Game And Fish Policy Mandated Killing Bear


Local Arizona Game and Fish personnel were following department policy when they destroyed the 200-pound black bear captured near Rumsey Park last Friday.

"(Field Supervisor) Craig (McMullen) definitely did the right thing in this situation and acted according to policy," Mike Senn, head of field operations for Arizona Game and Fish, said.

McMullen and Henry Apfel, a wildlife manager for Game and Fish, tranquilized the treed bear. After the bear fell 30 to 40 feet to the ground, they hauled it away from the 200 block of Bronco Circle and destroyed it.

McMullen said the bear had to be put down because he broke his shoulder in the fall, but Senn said the bear's death knell was the fact that he was an adult male.

"This was a 200-pound adult male bear confined in a high-traffic area near a school," he said. "The decision to remove the bear was a matter of public safety."

Game and Fish policy classifies bears as category I, II or III. Because the Rumsey Park bear had not caused property damage and had not been observed in the area before, it fell into category II, making it eligible for relocation.

But because the bear was an adult male, it got bumped to category I, which is for bears that have caused injury or been previously captured or relocated. According to Game and Fish policy, "all category I bears will be destroyed..."


After being tranquilized and falling from a tree, it took four grown men to carry this 200-pound black bear out of a back yard on Bronco Circle.

Senn explained the rationale.

"Large adult male bears are responsible for more than 90 percent of attacks on people," he said.

Leo Egar, a veterinarian and field director for the Humane Society of the United States, has provided medical treatment for bears at Southwest Wildlife, an acclaimed rehabilitation facility in the Valley. Southwest executive director Linda Searle said her facility would have taken the injured bear.

Speaking to the Roundup from Hattiesburg, Miss., where he is heading animal relief efforts following Hurricane Katrina, Egar questioned the very foundation of the Game and Fish policy -- that all adult male bears must be destroyed because they're more dangerous.

"I've not encountered anything in the literature in that regard," Egar said. "The classical way to describe it is that the female bear is more of a problem when they have young."

Egar also said that such a policy should be subject to public scrutiny.

"That sounds an awful lot like the statement that X breed of dog is more dangerous, and you have experts arguing on both sides of that," he said. "Any sort of agency that has oversight responsibility for any public resource - and bears are majestic parts of our national heritage -- is entrusted with their care.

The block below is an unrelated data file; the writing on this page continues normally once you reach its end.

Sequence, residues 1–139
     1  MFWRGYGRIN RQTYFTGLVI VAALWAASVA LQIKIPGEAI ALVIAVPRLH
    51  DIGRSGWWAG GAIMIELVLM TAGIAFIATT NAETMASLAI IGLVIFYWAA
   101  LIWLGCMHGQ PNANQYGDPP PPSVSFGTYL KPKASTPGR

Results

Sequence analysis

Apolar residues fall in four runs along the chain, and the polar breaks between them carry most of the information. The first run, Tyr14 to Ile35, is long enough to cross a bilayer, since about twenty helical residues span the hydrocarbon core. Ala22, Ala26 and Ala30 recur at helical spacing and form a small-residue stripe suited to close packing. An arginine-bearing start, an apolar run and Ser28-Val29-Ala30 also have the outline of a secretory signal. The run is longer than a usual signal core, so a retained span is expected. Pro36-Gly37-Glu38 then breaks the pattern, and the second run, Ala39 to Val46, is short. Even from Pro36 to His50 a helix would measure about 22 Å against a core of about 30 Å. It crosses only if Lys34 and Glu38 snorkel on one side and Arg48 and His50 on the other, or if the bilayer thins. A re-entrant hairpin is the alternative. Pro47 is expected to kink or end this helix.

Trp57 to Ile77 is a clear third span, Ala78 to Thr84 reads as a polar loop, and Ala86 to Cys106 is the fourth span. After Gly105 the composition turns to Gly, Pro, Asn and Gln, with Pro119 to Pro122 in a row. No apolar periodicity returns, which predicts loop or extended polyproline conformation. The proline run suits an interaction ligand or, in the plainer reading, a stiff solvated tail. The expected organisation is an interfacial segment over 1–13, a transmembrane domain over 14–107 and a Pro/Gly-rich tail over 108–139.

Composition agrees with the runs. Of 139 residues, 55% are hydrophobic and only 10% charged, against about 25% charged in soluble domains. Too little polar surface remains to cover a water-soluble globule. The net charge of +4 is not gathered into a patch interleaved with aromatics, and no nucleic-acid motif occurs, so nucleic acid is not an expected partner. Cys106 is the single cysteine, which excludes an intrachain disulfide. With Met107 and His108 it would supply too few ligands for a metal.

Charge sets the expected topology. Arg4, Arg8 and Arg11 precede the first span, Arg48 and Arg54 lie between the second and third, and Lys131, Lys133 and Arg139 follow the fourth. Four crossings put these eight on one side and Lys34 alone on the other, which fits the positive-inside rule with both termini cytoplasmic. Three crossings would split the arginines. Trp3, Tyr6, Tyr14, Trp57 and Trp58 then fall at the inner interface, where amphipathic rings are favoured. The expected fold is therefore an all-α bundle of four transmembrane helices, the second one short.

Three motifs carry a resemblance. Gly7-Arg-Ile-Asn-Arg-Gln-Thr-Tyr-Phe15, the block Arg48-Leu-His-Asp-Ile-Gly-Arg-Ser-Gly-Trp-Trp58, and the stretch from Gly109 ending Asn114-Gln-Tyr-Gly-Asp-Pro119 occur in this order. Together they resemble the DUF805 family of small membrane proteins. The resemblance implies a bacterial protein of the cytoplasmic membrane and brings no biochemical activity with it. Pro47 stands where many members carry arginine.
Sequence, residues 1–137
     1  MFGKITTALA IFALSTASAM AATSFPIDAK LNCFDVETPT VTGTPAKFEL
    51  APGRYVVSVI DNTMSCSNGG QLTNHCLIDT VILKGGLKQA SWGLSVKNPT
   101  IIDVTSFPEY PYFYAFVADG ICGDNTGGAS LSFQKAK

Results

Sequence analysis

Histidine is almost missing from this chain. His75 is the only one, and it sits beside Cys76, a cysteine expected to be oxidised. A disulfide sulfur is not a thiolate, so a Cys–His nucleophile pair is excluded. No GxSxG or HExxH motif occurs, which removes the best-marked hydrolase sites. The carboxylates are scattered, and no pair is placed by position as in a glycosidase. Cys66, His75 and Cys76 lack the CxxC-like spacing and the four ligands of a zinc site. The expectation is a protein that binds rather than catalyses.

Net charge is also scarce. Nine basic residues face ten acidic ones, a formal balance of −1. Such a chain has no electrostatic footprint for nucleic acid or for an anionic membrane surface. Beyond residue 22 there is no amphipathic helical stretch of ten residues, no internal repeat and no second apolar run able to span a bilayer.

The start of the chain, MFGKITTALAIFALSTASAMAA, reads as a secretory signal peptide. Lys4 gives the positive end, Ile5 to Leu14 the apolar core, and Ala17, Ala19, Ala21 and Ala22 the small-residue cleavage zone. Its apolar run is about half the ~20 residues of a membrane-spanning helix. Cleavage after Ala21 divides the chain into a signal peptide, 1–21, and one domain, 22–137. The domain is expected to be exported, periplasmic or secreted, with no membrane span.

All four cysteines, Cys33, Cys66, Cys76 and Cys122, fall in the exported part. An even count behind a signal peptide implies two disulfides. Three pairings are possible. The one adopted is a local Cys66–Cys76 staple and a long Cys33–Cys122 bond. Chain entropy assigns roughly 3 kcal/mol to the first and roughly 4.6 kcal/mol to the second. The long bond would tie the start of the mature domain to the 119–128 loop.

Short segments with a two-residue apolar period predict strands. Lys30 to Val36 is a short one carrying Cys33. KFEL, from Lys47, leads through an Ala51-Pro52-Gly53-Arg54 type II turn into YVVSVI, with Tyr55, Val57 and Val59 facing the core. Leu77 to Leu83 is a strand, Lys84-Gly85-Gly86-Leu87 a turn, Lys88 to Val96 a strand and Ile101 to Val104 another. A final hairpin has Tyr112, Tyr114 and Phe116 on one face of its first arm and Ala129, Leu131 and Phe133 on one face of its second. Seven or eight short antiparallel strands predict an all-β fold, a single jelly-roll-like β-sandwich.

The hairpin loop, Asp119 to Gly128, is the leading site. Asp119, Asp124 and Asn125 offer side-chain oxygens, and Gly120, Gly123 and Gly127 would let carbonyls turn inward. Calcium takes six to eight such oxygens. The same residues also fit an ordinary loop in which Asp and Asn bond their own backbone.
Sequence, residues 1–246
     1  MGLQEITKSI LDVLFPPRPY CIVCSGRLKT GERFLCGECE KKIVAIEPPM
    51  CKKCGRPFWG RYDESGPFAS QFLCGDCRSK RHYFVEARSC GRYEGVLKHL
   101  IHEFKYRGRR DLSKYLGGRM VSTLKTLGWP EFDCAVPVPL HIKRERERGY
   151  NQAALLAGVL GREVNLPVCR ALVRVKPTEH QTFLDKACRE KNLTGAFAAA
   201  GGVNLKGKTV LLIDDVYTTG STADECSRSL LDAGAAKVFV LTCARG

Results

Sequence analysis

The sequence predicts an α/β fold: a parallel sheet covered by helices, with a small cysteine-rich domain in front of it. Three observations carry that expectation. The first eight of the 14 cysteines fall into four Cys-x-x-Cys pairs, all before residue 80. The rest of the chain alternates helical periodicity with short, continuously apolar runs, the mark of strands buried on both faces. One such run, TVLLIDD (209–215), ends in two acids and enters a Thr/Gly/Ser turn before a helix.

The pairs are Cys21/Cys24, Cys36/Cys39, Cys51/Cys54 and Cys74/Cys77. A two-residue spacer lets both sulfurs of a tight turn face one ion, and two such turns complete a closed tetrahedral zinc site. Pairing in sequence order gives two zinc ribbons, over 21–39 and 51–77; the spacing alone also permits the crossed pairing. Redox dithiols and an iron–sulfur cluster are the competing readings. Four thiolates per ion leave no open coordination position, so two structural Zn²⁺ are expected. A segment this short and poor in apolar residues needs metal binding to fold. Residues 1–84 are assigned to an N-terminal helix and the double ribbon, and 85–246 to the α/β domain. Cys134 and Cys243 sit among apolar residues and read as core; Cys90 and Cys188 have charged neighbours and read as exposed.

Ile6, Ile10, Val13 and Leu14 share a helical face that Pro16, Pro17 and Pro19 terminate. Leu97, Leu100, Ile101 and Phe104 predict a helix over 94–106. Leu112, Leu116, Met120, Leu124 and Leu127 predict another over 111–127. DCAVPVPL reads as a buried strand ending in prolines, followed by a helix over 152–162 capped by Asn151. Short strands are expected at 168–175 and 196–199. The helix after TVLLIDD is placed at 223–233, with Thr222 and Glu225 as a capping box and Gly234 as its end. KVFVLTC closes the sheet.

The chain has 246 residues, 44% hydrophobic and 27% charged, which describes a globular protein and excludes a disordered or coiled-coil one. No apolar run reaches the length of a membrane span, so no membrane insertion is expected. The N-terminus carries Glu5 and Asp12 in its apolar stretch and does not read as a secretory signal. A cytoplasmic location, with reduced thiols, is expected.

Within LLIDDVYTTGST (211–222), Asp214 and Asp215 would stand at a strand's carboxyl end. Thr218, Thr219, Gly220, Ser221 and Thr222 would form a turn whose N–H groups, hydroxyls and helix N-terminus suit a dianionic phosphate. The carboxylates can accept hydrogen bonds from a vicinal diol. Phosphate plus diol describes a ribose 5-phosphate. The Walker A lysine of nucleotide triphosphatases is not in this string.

"The process of representative government should have some oversight on that determination, so people who feel otherwise can make their views known, so there's kind of a negotiated solution."

Egar said a catch-all policy for adult male bears is not the answer, that each case should be examined individually.

"I don't want to jump up and down on these guys too much, but in a situation like this -- the bear is up in a tree -- is that really an emergency," he said. "Is that something we have to handle right this instant, or can we call (Southwest) or another rehabber in the state?

Egar said the bear's broken shoulder, if indeed it was broken, could have been repaired at Southwest.

"It would depend entirely on exactly what the damage was," he said. "I don't know that and Game and Fish doesn't know that because they didn't do any diagnostics; they didn't take any X-rays."

But Senn emphasized that his agency's policy is based on putting people first.

"Nobody likes to destroy an animal," he said. "It's one of the things our guys hate the worst, but the safety of the public just has to come first."

That means the only option for the Rumsey Park bear would have been to remain at Southwest Wildlife, and Senn said wildlife advocacy groups are adamantly opposed to captivity.

"I'm not knocking Linda Searle," he said. "She does an excellent job, but she's already got several bears down there. What are you doing besides saving an individual bear? What value is it?"

For Egar, a question lingers.

"You assume everyone goes out (in the field) with good intentions, so no one is criticizing," he said. "But the question is: could things have been done better? Quite possibly."

See original story: Bear found near Rumsey Park destroyed

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